If the soup is cold or the steak is overcooked, you can always send it back to the kitchen. But what can you do if you bite into a juicy hamburger patty and break a tooth?
You can sue.
That's the conclusion of a recent California Court of Appeal case. Patrice Evart broke a tooth when she bit into a hamburger and struck a hard object that felt like a piece of bone. She sued the manufacturer of the hamburger and the restaurant that served it, among others.
Los Angeles trial judge David M. Schacter dismissed the case before trial in late 1987, apparently convinced that a piece of bone was not a foreign object, but a natural product that a consumer should reasonably expect to encounter in a hamburger patty.
Last week, the appellate court overturned the dismissal, allowing the case to proceed to trial, after concluding that a jury should decide whether consumers can reasonably expect to find and guard against bones in ground beef.
There have been many cases in which customers successfully sued restaurants because of injuries they suffered from biting into food containing foreign objects such as glass or metal. What made this case a little unusual was the fact that the object that caused the injury was not strictly a foreign object, but a natural part of the foodstuff itself.
However, it wasn't the first time a court faced the problem. Other cases involved cherry pies with cherry pits, turkey dressing with turkey bones and even an oyster containing a pearl.
In a 1936 California Supreme Court case, a man's chicken-pot-pie dinner was the source of the controversy. Harry F. Mix was injured when he swallowed a sliver of a chicken bone. In that case, the court dismissed the lawsuit, saying that it is common knowledge that "chicken pies occasionally contained chicken bones."
But in the hamburger patty case, the court wouldn't go that far. It is not common knowledge that bones are found in ground beef, the court ruled, and so a jury should determine whether anyone was negligent in allowing the bone to remain in the patty.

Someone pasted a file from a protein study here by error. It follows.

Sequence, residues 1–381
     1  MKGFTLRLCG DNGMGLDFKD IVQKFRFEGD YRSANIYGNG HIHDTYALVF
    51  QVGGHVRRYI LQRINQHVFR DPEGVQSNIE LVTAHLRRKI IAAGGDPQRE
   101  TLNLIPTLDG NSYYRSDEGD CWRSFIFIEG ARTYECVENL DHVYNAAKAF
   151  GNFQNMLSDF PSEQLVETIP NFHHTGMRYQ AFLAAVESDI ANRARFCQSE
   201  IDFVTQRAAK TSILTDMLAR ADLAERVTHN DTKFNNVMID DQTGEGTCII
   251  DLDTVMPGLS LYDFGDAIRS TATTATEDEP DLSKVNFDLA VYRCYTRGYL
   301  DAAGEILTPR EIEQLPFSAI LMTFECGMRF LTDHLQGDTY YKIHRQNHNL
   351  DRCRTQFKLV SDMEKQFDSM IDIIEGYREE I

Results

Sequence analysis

Lawyers use various theories to pursue these cases, including negligence, breach of the implied warranty of merchantability, and res ipsa loquitur, a Latin phrase meaning "the thing speaks for itself."
As a consumer, you should know that a restaurant, its supplier, and even the local butcher may be responsible for your injury if food is not prepared properly. Before you rush off to retain a lawyer, however, you might try to resolve the problem informally, especially if your injuries are minor.
Most lawyers will consult with you free of charge about a possible personal injury suit. These cases are usually handled on a contingency fee basis, which means you will pay the attorney from 25% to 50% of the recovery, but won't be charged if you don't win anything.
If you are injured in a restaurant, make sure you register a complaint with management at the time of the injury. Save any relevant evidence, such as the piece of glass or bone. And keep track of the costs of your medical care. In addition to paying the medical bills, you should also be compensated for your pain and suffering.
Klein cannot answer mail personally but will respond in this column to questions of general interest about the law. Write to Jeffrey S. Klein, Legal View, The Times, Times Mirror Square, Los Angeles 90053.